“We still rely on the forest for food, and the food supply is too low. So, we eat whatever we have. We have land, but the land is hot. We can’t grow rice or coffee on it,” he said. “We can only grow a little of rice on the slopes of mountains, but the practice is not productive at all. We have never received any food aid.”
The collapse of a large-scale hydropower dam five years ago had a devastating effect on Champassak and many residents have yet to fully recover, the source said. Thousands of people were forced to relocate when their homes and farms were destroyed in the disaster.
“They were given 261 hectares [644 acres] of farmland, but the land is sandy, not suitable for farming at all,” the official said. “These people really suffer from the chronic lack of food.”
Even when the people have adequate land, they still sometimes cannot grow enough, an official from the Agriculture and Forestry Department of Chonnabouly district in Savannakhet province told RFA.
“They didn’t produce enough food last year because their paddy fields were flooded. They don’t have money to replant rice, buy fertilizer, fuel or seeds. Therefore, they don’t have enough rice, meat and fruit to eat,” he said. “Last year, residents of Chonnabouly District lost 266 hectares of paddy fields to flooding. These people who are already poor are getting poorer.”
Aid organizations working in Laos finger yet another cause to widespread hunger: climate change.
“Flooding and drought occur more frequently, reducing food production and worsening food insecurity. … In the last several years, climate change has been taking a toll on people’s livelihoods,” an aid worker said.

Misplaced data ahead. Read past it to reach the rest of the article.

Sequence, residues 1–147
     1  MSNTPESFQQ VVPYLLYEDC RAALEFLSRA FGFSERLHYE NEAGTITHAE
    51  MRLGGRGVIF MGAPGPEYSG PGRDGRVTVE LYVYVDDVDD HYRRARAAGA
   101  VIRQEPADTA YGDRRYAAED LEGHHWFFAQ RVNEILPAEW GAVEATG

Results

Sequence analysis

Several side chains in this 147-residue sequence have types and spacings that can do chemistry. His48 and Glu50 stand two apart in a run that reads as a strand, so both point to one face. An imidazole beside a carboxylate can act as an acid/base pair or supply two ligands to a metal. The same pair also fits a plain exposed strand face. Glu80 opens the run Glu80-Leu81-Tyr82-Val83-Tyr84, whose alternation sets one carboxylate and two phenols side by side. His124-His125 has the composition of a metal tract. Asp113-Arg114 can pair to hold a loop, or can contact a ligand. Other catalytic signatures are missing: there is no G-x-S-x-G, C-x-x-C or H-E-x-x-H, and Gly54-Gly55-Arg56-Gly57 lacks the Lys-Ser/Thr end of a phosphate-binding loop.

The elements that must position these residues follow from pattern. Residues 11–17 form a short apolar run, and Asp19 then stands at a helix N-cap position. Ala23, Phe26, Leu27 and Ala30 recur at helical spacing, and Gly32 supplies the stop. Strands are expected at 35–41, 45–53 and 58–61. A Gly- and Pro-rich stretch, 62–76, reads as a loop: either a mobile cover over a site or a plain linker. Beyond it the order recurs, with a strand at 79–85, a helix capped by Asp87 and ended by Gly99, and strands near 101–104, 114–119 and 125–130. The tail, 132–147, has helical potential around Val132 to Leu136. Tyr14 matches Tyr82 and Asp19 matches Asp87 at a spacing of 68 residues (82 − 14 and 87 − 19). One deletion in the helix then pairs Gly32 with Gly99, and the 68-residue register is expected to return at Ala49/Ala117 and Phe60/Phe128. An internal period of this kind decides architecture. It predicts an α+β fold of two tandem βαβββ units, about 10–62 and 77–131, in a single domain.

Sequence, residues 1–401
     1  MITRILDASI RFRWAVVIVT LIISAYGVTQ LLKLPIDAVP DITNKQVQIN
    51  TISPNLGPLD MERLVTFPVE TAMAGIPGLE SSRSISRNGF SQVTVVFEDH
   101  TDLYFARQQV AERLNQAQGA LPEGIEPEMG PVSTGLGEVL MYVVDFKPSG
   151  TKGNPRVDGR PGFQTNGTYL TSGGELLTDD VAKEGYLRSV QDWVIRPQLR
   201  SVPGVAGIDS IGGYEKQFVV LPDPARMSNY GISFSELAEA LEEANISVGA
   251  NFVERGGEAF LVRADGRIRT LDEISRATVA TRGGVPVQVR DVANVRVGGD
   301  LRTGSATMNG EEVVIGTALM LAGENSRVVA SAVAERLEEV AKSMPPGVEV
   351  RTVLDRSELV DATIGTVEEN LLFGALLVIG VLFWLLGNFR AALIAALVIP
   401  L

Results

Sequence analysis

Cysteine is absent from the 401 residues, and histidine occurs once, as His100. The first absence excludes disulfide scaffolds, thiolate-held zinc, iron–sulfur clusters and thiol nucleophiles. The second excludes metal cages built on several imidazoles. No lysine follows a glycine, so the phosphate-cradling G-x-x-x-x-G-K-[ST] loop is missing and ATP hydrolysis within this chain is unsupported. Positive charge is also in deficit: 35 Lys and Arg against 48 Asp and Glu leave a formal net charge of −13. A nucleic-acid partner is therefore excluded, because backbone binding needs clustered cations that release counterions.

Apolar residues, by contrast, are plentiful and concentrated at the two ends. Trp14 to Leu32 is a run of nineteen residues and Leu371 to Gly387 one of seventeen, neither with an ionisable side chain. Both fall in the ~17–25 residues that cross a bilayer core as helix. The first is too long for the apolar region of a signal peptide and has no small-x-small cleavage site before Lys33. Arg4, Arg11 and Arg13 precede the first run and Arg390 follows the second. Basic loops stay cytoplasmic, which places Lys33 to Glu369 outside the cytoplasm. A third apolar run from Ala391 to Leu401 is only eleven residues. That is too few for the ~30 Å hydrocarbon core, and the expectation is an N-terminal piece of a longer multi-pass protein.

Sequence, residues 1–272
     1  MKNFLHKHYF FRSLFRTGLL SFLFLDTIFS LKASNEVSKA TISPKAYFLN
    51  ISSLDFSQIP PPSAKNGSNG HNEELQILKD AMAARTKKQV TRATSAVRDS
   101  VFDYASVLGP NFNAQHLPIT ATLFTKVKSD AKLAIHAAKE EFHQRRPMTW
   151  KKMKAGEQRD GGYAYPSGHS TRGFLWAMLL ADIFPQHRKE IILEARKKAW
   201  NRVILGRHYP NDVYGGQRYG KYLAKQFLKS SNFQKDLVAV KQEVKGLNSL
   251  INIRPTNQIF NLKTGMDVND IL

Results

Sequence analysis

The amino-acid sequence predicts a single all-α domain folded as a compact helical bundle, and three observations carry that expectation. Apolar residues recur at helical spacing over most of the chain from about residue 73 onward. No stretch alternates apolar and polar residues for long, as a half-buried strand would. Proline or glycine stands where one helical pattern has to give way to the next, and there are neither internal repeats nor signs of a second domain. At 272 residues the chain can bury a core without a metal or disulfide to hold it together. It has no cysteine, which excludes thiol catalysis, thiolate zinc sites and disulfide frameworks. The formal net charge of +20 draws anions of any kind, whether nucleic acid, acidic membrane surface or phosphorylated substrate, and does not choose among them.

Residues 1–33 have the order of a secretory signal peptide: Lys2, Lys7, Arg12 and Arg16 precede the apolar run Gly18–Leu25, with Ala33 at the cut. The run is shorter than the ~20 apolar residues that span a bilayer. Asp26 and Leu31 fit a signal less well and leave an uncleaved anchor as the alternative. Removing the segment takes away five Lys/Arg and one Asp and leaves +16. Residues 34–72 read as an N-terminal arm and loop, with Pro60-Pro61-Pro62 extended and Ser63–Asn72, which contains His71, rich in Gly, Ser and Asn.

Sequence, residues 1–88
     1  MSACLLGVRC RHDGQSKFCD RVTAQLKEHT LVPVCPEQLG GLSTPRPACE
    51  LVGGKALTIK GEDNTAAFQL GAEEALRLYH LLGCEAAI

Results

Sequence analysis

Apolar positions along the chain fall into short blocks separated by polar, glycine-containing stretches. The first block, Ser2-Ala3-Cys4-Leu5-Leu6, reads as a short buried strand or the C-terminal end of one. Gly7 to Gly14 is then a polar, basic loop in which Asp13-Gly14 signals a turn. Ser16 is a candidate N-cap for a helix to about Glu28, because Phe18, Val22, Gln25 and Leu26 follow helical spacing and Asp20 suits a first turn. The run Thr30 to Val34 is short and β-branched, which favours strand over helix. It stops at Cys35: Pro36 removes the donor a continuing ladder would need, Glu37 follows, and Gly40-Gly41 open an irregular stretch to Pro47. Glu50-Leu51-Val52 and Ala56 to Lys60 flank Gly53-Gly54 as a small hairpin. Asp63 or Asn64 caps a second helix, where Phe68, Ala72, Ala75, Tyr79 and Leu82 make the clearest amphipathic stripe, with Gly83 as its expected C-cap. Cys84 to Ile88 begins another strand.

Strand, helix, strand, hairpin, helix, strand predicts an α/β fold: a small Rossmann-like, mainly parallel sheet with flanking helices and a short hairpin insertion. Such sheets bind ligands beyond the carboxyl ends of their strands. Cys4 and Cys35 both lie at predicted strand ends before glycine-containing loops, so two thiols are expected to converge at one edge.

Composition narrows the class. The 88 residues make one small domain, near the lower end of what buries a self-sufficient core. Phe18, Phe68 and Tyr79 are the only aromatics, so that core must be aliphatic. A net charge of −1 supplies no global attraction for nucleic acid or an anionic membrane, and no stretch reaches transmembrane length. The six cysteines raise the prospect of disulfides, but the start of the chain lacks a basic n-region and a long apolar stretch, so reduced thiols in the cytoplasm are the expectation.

“When it rains, its rains too much, causing flooding and damaging crops. When it’s dry, it’s too dry for a long spell, lowering agricultural production.
“Land is not arable and water shortages, more specifically a lack of irrigation system, is also a problem. So, some years, people have enough food and some years, they don’t,” the aid worker said.
Food Programs Failing
Programs designed to alleviate hunger are not keeping pace with the changing circumstances, a member of another food aid program told RFA.
“People in rural areas are most affected by the failure. The programs haven’t reached the goals because of climate change, natural disasters, land mismanagement. Degraded quality of land, limited farmland, land misallocation and mismanagement make food insecurity worse. More and more farmland has been lost to large development projects. So, Laos still needs food aid,” the aid worker said.
There is some reason to be optimistic. Laos’ economy has grown, despite the pandemic. And aid from the U.S. for a Laos local school lunch program has helped reduce hunger in the country, an education and sports official from Savannakhet province told RFA.
“The U.S. has been supporting the school lunch program in 46 schools in the province since 2016 and the program has helped lower drop-out rate from 4.6 percent in 2016 to 3 percent this year and students have shown more interest in learning,” he said.
“However, the U.S.’ school lunch program will end at the end of June 2022. After that, we’re hoping that the Lao government will continue to fund and run the program.”